We encourage you to republish this article online and in print, it’s free under our creative commons attribution license, but please follow some simple guidelines:
  1. You have to credit our authors.
  2. You have to credit SciDev.Net — where possible include our logo with a link back to the original article.
  3. You can simply run the first few lines of the article and then add: “Read the full article on SciDev.Net” containing a link back to the original article.
  4. If you want to also take images published in this story you will need to confirm with the original source if you're licensed to use them.
  5. The easiest way to get the article on your site is to embed the code below.
For more information view our media page and republishing guidelines.

The full article is available here as HTML.

Press Ctrl-C to copy

This week's announcement of a potential vaccine against the bird flu virus that many fear could kill millions in a global pandemic, was tempered by the news that it only appears to work at unfeasibly high doses.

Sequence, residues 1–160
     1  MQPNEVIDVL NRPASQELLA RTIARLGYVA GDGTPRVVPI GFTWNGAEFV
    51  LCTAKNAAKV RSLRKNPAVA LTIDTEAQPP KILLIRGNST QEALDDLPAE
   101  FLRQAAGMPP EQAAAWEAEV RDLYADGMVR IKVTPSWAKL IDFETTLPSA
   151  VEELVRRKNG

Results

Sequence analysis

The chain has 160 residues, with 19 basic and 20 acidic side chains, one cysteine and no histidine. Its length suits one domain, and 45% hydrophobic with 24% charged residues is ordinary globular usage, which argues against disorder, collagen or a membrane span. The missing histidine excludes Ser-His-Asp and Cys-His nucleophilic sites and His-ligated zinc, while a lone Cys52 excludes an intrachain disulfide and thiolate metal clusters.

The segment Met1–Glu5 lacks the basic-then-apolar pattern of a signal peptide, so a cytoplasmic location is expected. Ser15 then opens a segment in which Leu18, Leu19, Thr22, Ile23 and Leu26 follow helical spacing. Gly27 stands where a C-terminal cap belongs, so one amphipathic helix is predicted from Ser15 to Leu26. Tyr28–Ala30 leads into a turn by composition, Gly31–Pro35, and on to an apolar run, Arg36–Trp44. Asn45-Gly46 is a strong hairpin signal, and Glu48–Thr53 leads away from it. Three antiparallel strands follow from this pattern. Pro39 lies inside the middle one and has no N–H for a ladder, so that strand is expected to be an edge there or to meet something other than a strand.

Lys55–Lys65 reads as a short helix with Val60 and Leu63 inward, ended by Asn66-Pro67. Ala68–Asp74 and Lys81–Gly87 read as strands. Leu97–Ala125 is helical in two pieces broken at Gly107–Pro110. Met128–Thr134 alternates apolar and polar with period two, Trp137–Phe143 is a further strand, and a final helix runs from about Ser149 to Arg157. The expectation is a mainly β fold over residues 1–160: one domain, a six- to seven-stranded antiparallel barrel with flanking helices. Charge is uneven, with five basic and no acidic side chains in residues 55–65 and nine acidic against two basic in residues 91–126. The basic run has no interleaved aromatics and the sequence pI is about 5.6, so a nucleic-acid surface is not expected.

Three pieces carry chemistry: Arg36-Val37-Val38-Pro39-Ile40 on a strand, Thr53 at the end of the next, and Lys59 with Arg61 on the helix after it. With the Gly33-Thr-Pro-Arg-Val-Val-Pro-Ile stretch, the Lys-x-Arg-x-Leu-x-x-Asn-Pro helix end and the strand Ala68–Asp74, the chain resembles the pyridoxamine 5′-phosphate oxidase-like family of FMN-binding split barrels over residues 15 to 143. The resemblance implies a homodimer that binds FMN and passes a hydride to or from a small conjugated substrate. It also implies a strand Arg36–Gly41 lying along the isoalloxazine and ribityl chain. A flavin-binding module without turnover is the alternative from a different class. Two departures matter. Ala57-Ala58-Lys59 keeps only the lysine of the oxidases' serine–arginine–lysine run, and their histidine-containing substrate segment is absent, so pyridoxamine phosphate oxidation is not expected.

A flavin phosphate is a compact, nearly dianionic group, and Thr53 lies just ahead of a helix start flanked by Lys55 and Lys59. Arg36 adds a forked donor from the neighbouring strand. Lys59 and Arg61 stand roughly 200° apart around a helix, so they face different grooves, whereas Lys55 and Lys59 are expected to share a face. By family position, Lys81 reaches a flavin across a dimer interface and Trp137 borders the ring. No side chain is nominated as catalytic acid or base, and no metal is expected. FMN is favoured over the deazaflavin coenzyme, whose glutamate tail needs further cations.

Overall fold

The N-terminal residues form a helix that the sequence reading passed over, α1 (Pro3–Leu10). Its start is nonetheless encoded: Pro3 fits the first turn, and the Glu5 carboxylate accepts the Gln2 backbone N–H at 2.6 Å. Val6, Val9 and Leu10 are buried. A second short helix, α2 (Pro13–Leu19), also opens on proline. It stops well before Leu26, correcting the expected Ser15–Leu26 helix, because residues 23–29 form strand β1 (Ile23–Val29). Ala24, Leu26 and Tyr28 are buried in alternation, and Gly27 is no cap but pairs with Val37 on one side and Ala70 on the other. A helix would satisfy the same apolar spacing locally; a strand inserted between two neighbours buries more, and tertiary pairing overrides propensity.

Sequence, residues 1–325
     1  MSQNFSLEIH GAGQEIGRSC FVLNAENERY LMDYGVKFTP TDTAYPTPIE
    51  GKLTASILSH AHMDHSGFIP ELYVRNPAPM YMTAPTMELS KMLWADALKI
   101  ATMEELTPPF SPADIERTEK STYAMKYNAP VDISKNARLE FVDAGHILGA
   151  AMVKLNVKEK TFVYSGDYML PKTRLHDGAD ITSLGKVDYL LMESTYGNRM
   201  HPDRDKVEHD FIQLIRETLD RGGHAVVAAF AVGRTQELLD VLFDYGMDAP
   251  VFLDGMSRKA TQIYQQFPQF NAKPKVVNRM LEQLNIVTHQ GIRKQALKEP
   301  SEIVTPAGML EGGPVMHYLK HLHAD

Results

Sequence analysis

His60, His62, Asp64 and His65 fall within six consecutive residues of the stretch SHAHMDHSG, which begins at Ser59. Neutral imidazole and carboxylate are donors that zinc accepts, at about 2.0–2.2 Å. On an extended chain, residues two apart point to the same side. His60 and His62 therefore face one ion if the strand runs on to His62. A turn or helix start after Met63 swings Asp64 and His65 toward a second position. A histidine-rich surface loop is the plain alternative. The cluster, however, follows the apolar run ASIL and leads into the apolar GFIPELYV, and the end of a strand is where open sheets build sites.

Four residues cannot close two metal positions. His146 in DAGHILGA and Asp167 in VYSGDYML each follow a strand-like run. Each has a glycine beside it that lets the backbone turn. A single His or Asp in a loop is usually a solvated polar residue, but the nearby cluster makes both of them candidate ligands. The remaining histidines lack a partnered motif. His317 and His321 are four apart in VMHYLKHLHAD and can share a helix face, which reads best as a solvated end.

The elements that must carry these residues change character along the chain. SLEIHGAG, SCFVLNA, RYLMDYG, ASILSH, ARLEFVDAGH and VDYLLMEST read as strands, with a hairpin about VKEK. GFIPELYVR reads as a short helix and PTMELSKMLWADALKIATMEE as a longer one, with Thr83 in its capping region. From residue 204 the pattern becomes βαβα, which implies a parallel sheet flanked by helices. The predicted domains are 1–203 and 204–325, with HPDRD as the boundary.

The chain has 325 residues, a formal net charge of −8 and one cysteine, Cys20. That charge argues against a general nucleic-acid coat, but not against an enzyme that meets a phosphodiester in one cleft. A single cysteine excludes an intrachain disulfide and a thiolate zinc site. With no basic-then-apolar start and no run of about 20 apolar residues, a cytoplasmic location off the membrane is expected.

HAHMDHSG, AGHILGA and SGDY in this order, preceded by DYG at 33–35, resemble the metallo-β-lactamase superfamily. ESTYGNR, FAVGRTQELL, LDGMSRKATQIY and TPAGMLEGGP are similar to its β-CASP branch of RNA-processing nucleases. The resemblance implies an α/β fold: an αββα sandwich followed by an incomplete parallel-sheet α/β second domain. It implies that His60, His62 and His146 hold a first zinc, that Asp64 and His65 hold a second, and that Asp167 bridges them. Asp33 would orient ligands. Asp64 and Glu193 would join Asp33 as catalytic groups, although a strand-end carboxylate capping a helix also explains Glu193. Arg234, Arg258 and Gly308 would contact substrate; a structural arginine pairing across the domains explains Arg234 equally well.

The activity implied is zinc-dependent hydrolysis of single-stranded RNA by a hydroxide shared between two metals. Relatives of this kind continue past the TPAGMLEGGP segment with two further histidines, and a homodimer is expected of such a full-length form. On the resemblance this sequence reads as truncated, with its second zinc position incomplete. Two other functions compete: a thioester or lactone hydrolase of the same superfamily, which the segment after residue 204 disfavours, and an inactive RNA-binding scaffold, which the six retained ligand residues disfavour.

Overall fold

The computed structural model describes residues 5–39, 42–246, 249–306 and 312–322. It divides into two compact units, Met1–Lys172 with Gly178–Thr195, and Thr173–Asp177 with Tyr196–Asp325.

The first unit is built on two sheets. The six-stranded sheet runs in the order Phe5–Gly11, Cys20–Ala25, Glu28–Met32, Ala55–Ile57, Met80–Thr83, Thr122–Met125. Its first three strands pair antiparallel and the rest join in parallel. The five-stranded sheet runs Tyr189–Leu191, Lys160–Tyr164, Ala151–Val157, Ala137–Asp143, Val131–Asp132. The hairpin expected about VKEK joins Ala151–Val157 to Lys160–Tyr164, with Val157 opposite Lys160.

The world's vaccine factories could simply not produce enough of it to prevent a pandemic, say flu experts.

Preliminary data suggests that people will need to be injected with 180 micrograms of the vaccine for it to be effective. This is 12 times the dose used to protect people from strains of ordinary flu.

Scientists say the findings show that they need to find ways to use the vaccine more sparingly and replace the chicken eggs currently used to produce it with more efficient systems.

Link to full Science news story

Related topics